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Family Office Investments - Stepping into the Funding Void

This article came out during the week on the new methods coal companies are using to raise capital now that institutions and banks are pulling back on ESG grounds.

The most interesting is this quote: “These investors, particularly out of the US, they understand coal, they live and breathe the coal sector. They have made profits out of it, they would be family offices or investors that are not beholden to the [environment, social and governance] ESG limitations that the banks have at the moment through their investors.”

Family offices, in my experience often have a wide range of influence on how they manage assets. One thing they all nearly all share however, is the freedom to invest as they see fit and are not beholden to outside check lists.

I completed a research report for a global asset manager and one of the requests was to carve out and Socially Responsible/ESG section. I interviewed six single family office investment teams covering eight separate portfolios, all with varying assets, complexity, and generations. Five portfolios are managed by non-family members, three are run by a family member with additional advice provided by a consultant or inhouse investment staff.

Here's what I found:

Investment Policy - There is no explicit ESG/Impact overlay or component in any of the Investment Policy Statements. This was across the board, even those that had recently established or re-written their policy. Despite this, the general feedback was that this lack of explicit direction was not expected to last. With generational pressure obvious and a general acceptance that there is a want from the family members to invest with an eye to sustainability.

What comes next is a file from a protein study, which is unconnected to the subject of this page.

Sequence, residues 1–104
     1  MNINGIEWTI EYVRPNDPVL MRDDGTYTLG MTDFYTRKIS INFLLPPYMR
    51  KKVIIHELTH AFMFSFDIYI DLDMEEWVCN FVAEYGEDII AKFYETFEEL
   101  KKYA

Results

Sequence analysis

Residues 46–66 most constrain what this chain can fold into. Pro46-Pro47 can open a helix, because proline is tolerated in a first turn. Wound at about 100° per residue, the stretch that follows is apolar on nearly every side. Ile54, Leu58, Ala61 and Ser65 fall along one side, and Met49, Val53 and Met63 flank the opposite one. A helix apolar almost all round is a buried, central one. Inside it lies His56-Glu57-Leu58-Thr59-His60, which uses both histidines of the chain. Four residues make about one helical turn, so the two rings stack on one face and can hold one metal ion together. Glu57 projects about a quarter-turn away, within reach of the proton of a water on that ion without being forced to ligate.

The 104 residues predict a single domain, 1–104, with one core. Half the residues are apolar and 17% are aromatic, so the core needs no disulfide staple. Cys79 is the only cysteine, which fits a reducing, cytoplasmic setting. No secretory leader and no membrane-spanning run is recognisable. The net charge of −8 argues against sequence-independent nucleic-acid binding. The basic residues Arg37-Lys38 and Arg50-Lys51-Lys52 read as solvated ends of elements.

Even though there was nothing in writing, the portfolios with direct investments (public and private market) have agreed exclusions. Most include weapons and, with one exception, tobacco. Some have a “I’ll pretend I didn’t see that stock” approach to indexing investments and see it more and as an implementation issue.

Box ticking – there is a definite anti-box ticking feedback from all offices. The idea that ESG/Impact should override investment criteria is refuted and there was little appetite in receiving data outputs showing ESG-Pillar scoring.

Environmental – there is no appetite for an Environmental overlay or any CO2 reduction at the aggregate portfolio level. Most families are interested in environmental technology or invest with a manager that has an explicit high tracking error strategy that factors in future growth in ESG/SRI.

Social – there are some managers gaining traction with social impact, many families interviewed saw this as more aligned to their philanthropic investment.

Governance – this was deemed as a requirement for all managers to engage with in terms of company selection. Examples cited were on global manager’s team that assisted portfolios companies with governance structure as well as Private Equity firms that provide guidance. This hands-on preference to governance is reflected in their bias to concentrated, fundamental strategies, particularly in the small cap space.